The selection of the membrane material for a gas and/or liquid separator is made on the basis of the produced hydrocarbons and contaminants. Once the hydrocarbon and contaminant mixture is identified, the material for the membrane separator is selected. The polymer membranes which are used today are selected based on the heat resistance, solvent resistance, and the mechanical strength of the porous separation membrane, as well as other factors dictated by the operating conditions for selective permeation. At the present time, most of the polymer membrane separators have a preferred operating temperature of between about 25 C. to about 100 C. Accordingly, it is highly desirable to control the temperature of the flow of hydrocarbons and contaminants before the mixture enters the membrane separator.

In addition, the permeability of gases through rubbery membranes depends upon both the gas solubility in the membrane and the diffusivity of the gas through the membrane. Diffusivity increases while solubility decreases with temperature. In general, these competing effects result in a net increase in permeability with increasing temperature. The exception occurs at very low temperatures where the increased solubility can dominate and the permeability increases with decreasing temperature.

For two or more gases, the permeability of each gas will, per rule, increase with temperature. The selectivity will change with the ratio of the individual permeability. This effect can result in increasing or decreasing selectivity with temperature, and may even result in maximum, or minimum selectivity. As a rule, however, selectivity will decrease with increasing temperature.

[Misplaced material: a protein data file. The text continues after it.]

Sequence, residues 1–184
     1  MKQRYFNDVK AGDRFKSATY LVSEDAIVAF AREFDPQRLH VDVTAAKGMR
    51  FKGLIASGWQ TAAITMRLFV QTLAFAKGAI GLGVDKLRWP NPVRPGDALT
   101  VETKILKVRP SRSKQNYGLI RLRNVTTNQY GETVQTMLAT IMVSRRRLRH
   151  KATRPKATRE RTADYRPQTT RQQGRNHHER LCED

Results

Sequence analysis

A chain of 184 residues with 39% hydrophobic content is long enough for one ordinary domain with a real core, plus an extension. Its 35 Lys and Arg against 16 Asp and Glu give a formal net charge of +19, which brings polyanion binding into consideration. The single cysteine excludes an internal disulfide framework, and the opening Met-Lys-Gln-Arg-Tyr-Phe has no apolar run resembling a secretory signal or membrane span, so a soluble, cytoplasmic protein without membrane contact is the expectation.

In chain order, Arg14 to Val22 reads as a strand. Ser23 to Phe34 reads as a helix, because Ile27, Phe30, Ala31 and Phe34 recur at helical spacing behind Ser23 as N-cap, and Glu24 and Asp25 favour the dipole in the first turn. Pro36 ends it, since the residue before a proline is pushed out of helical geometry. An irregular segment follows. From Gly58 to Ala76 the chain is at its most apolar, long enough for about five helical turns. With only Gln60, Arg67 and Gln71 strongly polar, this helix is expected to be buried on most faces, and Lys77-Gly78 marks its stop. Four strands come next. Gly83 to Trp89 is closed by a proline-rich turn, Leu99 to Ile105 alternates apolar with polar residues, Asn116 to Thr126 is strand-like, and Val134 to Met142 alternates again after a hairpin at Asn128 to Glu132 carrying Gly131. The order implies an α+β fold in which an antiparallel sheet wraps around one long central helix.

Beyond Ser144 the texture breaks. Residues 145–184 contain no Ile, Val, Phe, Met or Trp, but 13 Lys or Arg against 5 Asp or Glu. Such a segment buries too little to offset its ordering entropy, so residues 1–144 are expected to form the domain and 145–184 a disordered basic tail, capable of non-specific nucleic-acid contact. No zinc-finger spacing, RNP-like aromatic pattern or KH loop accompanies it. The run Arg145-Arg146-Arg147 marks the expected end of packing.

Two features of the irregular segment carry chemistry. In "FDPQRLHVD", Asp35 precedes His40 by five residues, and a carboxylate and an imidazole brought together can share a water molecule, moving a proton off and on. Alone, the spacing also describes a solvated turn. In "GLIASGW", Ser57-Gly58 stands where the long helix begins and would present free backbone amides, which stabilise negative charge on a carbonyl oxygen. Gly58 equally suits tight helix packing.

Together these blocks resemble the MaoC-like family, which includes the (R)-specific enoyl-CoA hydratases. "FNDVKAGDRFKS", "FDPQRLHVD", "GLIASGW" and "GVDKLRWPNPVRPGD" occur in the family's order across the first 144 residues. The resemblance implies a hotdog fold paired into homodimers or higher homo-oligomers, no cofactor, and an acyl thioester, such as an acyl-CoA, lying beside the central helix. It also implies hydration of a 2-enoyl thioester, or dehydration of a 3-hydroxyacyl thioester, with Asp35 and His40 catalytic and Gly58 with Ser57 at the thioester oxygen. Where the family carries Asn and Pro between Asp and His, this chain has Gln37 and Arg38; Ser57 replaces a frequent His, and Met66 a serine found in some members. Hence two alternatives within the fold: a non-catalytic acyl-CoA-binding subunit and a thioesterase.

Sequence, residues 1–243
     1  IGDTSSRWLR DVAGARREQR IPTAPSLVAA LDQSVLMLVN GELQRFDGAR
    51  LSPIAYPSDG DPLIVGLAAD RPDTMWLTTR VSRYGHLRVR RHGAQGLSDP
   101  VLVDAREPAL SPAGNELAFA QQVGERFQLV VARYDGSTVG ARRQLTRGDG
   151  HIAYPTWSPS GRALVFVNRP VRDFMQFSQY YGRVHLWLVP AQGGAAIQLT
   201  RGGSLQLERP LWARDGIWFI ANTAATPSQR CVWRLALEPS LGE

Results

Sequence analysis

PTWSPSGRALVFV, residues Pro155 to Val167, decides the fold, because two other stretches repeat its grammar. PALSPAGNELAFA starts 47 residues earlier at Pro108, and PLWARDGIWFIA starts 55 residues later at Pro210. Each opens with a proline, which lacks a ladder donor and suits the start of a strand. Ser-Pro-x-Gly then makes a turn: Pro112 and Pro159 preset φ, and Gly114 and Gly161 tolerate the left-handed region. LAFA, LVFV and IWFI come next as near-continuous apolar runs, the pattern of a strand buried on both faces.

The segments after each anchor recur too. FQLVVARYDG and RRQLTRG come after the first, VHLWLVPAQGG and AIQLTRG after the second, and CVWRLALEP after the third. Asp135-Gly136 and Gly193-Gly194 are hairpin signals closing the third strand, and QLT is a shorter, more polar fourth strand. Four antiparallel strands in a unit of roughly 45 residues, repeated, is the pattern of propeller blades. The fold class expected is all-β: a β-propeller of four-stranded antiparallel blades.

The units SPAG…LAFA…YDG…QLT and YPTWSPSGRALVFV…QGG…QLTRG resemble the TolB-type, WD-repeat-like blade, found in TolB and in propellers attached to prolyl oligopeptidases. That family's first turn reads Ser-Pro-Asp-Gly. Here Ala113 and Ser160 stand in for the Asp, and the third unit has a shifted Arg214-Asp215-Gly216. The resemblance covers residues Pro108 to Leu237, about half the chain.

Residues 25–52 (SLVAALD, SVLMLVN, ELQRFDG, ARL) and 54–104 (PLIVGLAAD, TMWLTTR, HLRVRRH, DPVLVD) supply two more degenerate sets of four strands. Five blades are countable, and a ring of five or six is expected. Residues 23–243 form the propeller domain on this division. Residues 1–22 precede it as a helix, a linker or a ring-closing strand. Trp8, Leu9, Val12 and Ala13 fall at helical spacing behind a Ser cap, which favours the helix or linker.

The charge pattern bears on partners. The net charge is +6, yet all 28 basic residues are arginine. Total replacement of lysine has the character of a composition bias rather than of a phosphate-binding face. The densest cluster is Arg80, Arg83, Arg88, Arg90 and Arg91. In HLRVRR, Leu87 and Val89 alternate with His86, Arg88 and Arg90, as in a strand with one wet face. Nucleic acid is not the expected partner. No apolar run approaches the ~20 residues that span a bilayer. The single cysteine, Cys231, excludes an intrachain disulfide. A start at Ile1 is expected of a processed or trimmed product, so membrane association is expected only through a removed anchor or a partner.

Furthermore, for glassy polymers, the mechanisms of solubility and diffusion are somewhat different. However, the same overall trends have been observed, with selectivity usually decreasing and permeability increasing with temperature. The examples listed reflect present membrane material technology. It can be appreciated, however, other temperatures may be preferred in the future depending on technological advances.

FIG. 1 illustrates an underwater membrane separation system 10 with temperature control for separation of hydrocarbons and contaminants. The underwater membrane separation system 10 includes a production string 12 located in a sub-sea wellbore 14 for removing hydrocarbons and contaminants from a sub-sea formation 16. The membrane separator 18 is located underwater 20 between the production string 12 and a hydrocarbon collection tank 22. The temperature of the hydrocarbons and contaminants is controlled to a predetermined temperature by the location of the membrane separator 18.

FIG. 2 illustrates an example of a membrane element 30 formed of a preferentially selective material for permeating contaminants. The membrane element 30 is a tubular element having a central bore 32 through which the produced hydrocarbons and contaminants pass in the direction indicated by the arrows A. The contaminants permeate out through the preferentially selective material as indicated by the arrows B, and the hydrocarbons continue out of the top of the membrane element as indicated by the arrows C. One or more membrane elements 30 may be stacked within a perforated tube to form a membrane separator 18 or may be interconnected to form a membrane separator 18 in the form of a self-supporting tube. It can be appreciated, however, that other types of configurations of the separation cartridge can be used. It is common knowledge to those skilled in the art that hollow fibers, spiral wound sheets and other materials are also effective in effecting a reasonable or acceptable separation.

Each one of the stacked membrane elements 30 may be designed to permeate one or more of the contaminants which are present in the well. For example, one membrane element 30 may be designed for removal of carbon dioxide, a second for removal of hydrogen sulfide, and a third for removal of heavy hydrocarbons. The membrane elements 30 or the membrane separators 18 may be stacked in different arrangements to remove contaminants from the flow of hydrocarbons in different orders. For example, the bottom membrane elements may be those that remove water and heavy hydrocarbons which may damage some of the gas removal membrane materials. The top membrane elements may be those that remove carbon dioxide and hydrogen sulfide.